Partner Profile: A Conversation with Dr. Danielle Cullen, MD, MPH, MSHP

Abeselom Gebreyesus, MPH(c), BA

October 27, 2022

The Health Care Improvement Foundation’s (HCIF) Partner Profiles highlight the efforts of valued and innovative health leaders. Our partners’ work supports HCIF’s vision of healthier communities through equitable, accessible, and quality health care.

As HCIF continues to tackle trauma-informed care and food insecurity as part of its COACH programming, we are pleased to feature Danielle Cullen MD, MPH, MSHP, Assistant Professor of Pediatrics, Emergency Medicine at CHOP. Danielle serves as Co-Chair of the COACH Food Insecurity Workgroup that consists of medical and health professionals who have come together to address social determinants of health and food access in Pennsylvania.

You serve on the COACH Food Insecurity Workgroup while also conducting research on childhood food insecurity and community-based interventions to improve health equity among children and their families. How did you become interested in pediatrics and working with socially disadvantaged children?

I’ve always been drawn to working with children and their families, whether it was as a swim instructor through high school and college, tutoring, or now as a physician and public health professional. When kids and their families enter the medical setting, they bring with them more than their acute presenting complaint; they bring their stories, their experiences, and the relationships that impact who they are and how they engage with care. I believe that being a pediatrician means more than treating patients medically; we also have the responsibility of providing a voice for children. Through my work, I see pediatric emergency medicine as a platform to combine clinical practice with research in a way that enables me to advocate effectively for the health of children and their families.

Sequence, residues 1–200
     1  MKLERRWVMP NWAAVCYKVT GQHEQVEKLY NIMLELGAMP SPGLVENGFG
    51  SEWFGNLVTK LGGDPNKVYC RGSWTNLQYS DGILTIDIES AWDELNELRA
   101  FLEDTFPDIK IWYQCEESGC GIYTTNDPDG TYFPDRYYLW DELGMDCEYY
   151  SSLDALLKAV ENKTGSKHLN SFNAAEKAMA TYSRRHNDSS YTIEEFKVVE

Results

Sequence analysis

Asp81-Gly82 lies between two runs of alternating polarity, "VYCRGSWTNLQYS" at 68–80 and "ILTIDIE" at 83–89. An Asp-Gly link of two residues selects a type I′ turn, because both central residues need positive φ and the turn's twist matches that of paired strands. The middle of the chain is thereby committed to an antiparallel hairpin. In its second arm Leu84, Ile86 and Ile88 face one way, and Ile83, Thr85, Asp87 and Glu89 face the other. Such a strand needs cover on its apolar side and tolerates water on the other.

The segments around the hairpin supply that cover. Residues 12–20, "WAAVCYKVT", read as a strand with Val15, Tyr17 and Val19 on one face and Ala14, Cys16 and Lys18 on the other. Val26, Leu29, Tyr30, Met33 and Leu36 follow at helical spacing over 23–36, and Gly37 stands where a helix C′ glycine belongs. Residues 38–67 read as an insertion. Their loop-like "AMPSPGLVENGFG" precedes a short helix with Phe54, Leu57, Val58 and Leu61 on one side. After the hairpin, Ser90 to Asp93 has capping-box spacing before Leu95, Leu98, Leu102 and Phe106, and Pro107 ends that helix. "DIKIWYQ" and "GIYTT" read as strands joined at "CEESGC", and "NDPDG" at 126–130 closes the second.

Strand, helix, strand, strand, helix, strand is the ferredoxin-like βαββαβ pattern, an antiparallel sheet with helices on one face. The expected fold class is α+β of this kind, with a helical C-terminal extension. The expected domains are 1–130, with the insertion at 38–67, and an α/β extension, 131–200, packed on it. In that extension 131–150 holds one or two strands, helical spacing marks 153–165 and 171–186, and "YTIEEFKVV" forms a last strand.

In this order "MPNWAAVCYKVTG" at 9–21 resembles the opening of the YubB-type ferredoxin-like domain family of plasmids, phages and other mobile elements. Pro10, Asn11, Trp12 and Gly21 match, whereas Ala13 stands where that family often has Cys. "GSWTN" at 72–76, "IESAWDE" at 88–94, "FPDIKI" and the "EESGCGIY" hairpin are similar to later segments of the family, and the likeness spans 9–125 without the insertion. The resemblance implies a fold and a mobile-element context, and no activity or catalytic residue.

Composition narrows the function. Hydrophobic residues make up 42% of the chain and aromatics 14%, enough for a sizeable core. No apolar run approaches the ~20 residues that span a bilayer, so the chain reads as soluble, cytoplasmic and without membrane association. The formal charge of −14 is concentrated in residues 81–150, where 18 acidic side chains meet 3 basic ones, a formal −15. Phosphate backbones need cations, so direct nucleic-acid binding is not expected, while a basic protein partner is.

In addition to your work with COACH, you have also been involved with tackling childhood food insecurity at CHOP through programs like the Healthier Together initiative and the Complete Eats program. What is one thing you think people should know about childhood food insecurity?

That it is common and underrecognized. That there’s no specific way that a food insecure family should “look.” And that it’s generally the tip of the iceberg—if a family is experiencing food insecurity, there are likely many other areas in life that are stressful. Most importantly, I want people to know that even if a family is experiencing food insecurity, we must prioritize the family’s autonomy to decide what they want assistance with, when, and from whom. If we ask the questions—and if the family wants assistance— we must be ready to help. I suppose this is more than just one thing…

What are your greatest accomplishments within your field so far?